AJ: People can be really distracted by their desire to know. Labels can be really helpful. At our site we have no labels. There’s nothing to tell you what this house is, what year [was it built]. So when you walk onto the site, you kind of feel “Are we supposed to be here?” “Is this actually someone’s house?”  People are consumed with their curiosity. The first person they see, they’re like, “What is this?” “Where are we?” And its almost like we cant get to the next level of the real meaningful stuff unless – Here’s this piece of paper that explains all this stuff so we can get past that.

NP: Scaffolding

CB: Yeah, it’s scaffolding. Answering the question; Where do you put SUE? (the t-rex skeleton) in the Field Museum of Natural History. The curatorial team wanted to put it in the exhibition because that would be like a carrot.

MB: Plus, that’s where the dinosaur hall was.

CB: Yeah, but they realized all of the other really interesting [exhibitions] and activities, everyone bi-passed because you’re here to see SUE. That’s what you’re going to go see. Now once that initial curiosity was satisfied, then you can settle down to go to the next step. I always call it “feeling safe and smart” in an environment, So, you want to say, “Yes, this is there, and this is there, and the bathrooms are there, but the one thing you wanted to see is right here. I think what NMNH with the gems and minerals hall was really great. They put the Hope Diamond first. So, if its on your life-list, you’re “ Ok, done it”…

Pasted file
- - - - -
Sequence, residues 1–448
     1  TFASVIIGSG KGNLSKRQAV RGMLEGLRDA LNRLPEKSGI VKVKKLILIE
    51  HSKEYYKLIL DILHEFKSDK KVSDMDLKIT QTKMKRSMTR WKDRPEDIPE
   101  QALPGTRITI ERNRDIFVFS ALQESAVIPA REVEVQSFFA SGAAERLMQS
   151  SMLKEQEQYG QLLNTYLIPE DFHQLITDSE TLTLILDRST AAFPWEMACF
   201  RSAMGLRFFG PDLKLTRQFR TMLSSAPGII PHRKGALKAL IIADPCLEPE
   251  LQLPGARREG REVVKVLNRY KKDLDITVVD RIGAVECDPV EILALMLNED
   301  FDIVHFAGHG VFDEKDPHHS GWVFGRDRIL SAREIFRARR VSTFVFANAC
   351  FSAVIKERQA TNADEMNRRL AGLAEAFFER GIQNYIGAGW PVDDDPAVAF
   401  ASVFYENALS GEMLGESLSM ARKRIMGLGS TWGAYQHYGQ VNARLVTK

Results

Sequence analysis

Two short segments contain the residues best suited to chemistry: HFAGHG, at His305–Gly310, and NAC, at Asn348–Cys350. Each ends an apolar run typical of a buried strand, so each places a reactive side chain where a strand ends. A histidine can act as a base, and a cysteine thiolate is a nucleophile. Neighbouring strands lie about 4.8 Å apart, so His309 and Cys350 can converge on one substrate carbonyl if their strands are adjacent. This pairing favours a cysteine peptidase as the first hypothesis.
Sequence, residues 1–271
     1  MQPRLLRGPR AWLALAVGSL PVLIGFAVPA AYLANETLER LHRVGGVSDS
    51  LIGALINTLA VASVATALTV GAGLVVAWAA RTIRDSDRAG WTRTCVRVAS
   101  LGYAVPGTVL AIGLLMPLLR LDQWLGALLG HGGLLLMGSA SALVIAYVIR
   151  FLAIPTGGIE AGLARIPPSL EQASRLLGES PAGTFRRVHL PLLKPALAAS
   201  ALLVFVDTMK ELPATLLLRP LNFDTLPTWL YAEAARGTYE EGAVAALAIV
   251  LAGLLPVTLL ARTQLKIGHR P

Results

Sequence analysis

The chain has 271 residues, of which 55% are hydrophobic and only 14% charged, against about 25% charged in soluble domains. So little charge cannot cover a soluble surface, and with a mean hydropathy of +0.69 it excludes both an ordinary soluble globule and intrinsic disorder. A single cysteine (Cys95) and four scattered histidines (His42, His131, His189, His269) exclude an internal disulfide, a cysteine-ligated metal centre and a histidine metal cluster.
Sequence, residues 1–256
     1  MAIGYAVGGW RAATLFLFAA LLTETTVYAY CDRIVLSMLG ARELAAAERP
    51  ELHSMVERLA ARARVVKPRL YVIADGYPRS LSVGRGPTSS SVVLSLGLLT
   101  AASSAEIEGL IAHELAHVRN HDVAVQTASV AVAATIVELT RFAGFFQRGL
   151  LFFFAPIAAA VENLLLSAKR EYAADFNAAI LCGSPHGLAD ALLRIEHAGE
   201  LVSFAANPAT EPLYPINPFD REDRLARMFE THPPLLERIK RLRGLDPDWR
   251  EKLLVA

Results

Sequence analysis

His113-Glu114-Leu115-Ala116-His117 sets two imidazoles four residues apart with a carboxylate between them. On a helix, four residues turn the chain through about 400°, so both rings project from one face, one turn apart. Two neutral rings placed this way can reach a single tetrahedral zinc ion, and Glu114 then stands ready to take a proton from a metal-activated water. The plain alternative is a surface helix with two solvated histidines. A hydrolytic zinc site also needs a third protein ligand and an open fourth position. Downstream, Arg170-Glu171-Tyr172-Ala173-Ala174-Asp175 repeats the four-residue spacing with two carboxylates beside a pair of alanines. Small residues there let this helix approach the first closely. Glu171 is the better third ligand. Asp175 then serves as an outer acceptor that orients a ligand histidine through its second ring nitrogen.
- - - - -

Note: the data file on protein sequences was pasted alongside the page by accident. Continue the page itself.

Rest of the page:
TE: It’s the same thing with the ruby slippers here.

LY: When I was designing I kept thinking [about] itchy objects. The ones that, if you scratch that itch, you can pay attention.

NP: You have to meet the visitor where they are.

LY: Yeah and once you’ve scratched the itch you learn something too. So, this is what the Hope Diamond is and then you walk through the rest of the gems and minerals hall and you realize why the Hope Diamond is special… It’s scaffolding, but its also taking care of someone’s understanding.

[Carol Blossert steps out]

LY: The third question [“What do museums do better, or differently than other institutions”] got me thinking about a question of what the larger concept of museum is. At least what this question would reveal is what is it about the museum that you actually do want to see or reconfigure in a site [outside the museum]. To me that’s what that question starts to get at.

TE: Well, why should we do this? This is like a very “Inside Baseball” conversation because we all work for museums and obviously we see the value in what we do, but why would museums do this and what could museums do that might be different from, say a city government or a school or…

LY: To me, the question brought up, why is it called a “museum lens”? Why not a…

JL: Liberal Arts Lens.